According to RFI Global’s Australia Business Payments and Australia Merchant Acceptance research, the short answer is YES. 56% of businesses that do not currently accept card payments found the concept of SoftPOS appealing, highlighting just how effectively SoftPOS addresses the remaining barriers to card acceptance for many merchants. The benefits don’t stop there – even among merchants that currently accept card payments, one in three would be interested in SoftPOS. For some this would serve as a replacement for their existing terminal, or enable an online-only merchant to begin accepting in-person card payments, but for many the appeal of SoftPOS is as a supplement to their existing acceptance device(s). We have already seen several interesting use cases suggested for SoftPOS, from queue-busting to pay-on-delivery to serving as a backup for their existing terminals, and merchants appear receptive to the benefits that SoftPOS could deliver to their business.

However, payments innovation can sometimes take time to gain traction – will this be the case for SoftPOS? While it is still early days, there are signs that SoftPOS will avoid some of the roadblocks to rapid widespread adoption. Perhaps most crucially, we are seeing the major banks leading the charge; NAB has already launched their Easy Tap offering, and Westpac is currently piloting its EFTPOS Air solution with the intention to fully launch in early 2023. The early arrival of the Big 4 on the scene will help to overcome many of the trust and security concerns and misconceptions that typically slow the adoption of new payment acceptance solutions. If/When Apple Tap-to-Pay makes its way Down Under, this will only further accelerate adoption by expanding the range of compatible hardware already in the hands of Australian merchants.

Another potential hurdle would be resistance from customers. This is something that comes out time and again in RFI’s global payment research, regardless of market; one of the strongest drivers of adoption among merchants is perceived demand from customers, and one of the strongest drivers of adoption among customers is seeing that it is accepted by merchants. If merchants believe their customers will not want to use SoftPOS (for example, because of security concerns), then this will severely hamper adoption. However, again here the early indications are positive; RFI’s research shows that 40% of Australians would be comfortable making a SoftPOS payment, rising to the majority amongst Millennials, and we would only expect this proportion to increase as the technology rolls out and consumers increase their level of familiarity.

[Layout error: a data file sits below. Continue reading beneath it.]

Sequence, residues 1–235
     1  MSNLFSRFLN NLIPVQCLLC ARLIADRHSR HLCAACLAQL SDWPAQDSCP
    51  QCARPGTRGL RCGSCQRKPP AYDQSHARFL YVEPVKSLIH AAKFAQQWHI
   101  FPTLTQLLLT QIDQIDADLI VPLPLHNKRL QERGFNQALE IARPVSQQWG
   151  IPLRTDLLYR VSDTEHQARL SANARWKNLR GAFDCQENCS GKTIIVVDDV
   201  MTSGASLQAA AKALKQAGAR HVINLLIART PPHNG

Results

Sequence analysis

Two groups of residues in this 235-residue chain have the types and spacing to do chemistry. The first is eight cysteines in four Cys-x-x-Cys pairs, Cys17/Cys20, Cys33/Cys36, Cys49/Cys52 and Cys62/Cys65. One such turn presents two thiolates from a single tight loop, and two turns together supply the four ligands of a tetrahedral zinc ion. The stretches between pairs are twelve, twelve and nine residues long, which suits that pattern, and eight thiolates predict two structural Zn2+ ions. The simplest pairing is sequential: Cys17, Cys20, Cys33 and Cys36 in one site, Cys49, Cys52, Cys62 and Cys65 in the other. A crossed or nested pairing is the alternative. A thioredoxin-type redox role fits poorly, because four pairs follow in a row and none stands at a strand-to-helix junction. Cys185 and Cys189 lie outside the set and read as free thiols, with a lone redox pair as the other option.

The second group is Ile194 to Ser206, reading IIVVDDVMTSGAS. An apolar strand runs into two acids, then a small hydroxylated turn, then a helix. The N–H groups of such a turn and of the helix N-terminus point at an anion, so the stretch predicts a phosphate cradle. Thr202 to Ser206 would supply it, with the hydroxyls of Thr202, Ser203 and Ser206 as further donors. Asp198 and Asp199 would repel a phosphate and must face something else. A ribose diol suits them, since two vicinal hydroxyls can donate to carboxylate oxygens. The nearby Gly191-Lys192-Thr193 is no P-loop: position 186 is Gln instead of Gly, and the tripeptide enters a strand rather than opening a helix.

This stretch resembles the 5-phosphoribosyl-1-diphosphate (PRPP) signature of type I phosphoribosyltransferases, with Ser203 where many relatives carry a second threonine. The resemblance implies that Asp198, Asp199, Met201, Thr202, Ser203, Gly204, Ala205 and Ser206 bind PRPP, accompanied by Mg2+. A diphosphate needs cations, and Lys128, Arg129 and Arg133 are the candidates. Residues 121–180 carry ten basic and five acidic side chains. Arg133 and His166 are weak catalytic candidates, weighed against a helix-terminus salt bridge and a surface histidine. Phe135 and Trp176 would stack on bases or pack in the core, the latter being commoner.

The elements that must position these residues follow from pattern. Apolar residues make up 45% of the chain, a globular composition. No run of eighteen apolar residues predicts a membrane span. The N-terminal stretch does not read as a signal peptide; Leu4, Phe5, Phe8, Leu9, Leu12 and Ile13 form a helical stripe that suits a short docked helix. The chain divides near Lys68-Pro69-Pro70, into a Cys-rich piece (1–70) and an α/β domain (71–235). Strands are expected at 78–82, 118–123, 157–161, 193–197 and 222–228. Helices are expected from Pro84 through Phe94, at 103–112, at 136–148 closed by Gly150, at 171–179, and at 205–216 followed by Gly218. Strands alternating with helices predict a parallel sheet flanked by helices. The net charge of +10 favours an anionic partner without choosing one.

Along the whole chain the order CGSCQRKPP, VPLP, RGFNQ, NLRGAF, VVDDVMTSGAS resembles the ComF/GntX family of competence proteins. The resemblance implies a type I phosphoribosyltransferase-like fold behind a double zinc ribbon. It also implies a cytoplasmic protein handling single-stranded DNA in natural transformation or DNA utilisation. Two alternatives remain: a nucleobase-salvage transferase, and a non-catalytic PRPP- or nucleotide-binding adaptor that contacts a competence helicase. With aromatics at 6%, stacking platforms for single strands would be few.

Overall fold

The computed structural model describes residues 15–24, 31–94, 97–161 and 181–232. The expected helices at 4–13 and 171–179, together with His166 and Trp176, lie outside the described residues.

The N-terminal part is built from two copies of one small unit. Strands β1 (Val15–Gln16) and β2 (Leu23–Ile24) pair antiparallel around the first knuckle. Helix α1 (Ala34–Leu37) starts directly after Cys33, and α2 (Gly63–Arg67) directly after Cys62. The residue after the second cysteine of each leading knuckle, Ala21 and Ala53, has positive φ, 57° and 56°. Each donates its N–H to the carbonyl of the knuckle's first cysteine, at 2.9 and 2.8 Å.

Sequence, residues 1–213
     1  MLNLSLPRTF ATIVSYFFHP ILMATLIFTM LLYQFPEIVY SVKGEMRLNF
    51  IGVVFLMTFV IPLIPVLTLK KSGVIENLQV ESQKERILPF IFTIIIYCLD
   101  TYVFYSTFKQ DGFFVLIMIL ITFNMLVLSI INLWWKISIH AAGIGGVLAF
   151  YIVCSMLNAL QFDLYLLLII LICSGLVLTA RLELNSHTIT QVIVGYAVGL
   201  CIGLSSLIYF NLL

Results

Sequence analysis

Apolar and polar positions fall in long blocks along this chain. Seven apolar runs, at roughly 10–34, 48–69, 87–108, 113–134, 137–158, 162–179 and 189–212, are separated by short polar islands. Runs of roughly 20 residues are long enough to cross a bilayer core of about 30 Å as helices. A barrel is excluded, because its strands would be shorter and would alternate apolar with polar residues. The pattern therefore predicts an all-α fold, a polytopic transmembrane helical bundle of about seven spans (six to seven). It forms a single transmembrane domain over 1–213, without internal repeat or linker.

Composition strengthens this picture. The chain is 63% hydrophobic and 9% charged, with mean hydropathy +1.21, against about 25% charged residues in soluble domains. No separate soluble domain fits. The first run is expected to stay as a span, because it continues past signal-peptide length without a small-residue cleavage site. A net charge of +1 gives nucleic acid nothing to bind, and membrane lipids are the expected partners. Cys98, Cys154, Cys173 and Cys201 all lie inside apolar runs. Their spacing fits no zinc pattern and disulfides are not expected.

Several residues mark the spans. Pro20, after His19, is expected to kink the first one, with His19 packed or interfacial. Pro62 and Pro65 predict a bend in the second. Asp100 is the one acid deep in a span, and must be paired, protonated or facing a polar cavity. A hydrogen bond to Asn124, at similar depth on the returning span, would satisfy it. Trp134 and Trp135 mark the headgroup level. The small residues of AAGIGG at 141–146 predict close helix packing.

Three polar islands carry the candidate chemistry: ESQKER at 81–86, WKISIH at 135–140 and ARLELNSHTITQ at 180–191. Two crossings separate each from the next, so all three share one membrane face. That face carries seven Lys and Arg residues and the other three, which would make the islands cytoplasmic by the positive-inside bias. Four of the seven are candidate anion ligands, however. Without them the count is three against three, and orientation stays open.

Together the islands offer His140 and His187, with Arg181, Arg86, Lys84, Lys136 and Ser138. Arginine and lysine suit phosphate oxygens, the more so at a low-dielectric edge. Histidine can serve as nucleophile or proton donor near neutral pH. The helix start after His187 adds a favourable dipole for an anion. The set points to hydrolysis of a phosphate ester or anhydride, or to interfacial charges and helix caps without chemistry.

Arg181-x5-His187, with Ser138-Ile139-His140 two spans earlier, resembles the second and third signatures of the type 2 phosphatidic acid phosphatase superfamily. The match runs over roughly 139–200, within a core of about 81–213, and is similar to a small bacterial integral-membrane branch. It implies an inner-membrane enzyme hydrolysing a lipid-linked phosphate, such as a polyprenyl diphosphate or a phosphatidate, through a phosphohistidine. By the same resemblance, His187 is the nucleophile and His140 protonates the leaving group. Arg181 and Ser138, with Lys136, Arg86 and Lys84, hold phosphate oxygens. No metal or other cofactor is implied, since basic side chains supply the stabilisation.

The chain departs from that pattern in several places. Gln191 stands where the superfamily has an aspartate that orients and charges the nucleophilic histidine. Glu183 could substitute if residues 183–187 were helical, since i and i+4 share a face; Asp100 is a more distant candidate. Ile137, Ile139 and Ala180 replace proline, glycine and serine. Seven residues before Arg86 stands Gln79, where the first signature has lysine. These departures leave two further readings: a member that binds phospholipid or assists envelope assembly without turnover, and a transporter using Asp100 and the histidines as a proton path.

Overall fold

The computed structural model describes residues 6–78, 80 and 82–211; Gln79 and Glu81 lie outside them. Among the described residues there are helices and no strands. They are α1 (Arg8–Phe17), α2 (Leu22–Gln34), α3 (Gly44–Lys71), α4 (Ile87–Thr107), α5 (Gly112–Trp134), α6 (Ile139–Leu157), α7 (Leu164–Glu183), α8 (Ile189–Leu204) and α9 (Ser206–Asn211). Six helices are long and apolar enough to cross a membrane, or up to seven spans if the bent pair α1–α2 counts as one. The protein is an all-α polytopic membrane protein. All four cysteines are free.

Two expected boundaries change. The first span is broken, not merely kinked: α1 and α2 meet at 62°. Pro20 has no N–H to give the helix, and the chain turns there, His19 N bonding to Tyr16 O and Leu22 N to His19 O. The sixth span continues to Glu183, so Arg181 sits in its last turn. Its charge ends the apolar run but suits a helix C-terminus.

2 in 5 Australians are comfortable paying by SoftPOS, including the majority of Millennials

While SoftPOS is still very much in its infancy in Australia, it appears that the stars are beginning to align.

2023 will be the year of SoftPOS.

About the Author:

Mark Schultz is Global Head - Business Payments, for RFI Global. Mark joined RFI Global in 2013, using his quantitative and qualitative research skills to support programs across a range of topics and regions. He has worked closely with all of Australia’s major financial institutions to deliver RFI's research solutions, with a particular focus on payments. In mid-2017, Mark relocated to RFI’s Canadian office in Toronto, where he was responsible for overseeing operations across Canada and the US, working closely with clients to answer key business questions. Mark presented to stakeholders across Canada and the US on topics including consumer payments, insurance, digital banking, mortgages, deposits and business banking, combining insights across markets, identifying trends and supporting their business strategies. In 2020, he returned to Australia to join RFI Global's consulting team, working with some of Australia’s most prominent financial brands on customized research engagements to address key tactical and strategic business objectives. He now holds the position of Global Head of Business Payments. Mark has a Bachelor of Business Management, Major in International Business and Postgraduate Diploma in Applied Statistics from the University of Queensland and Swinburne University of Technology.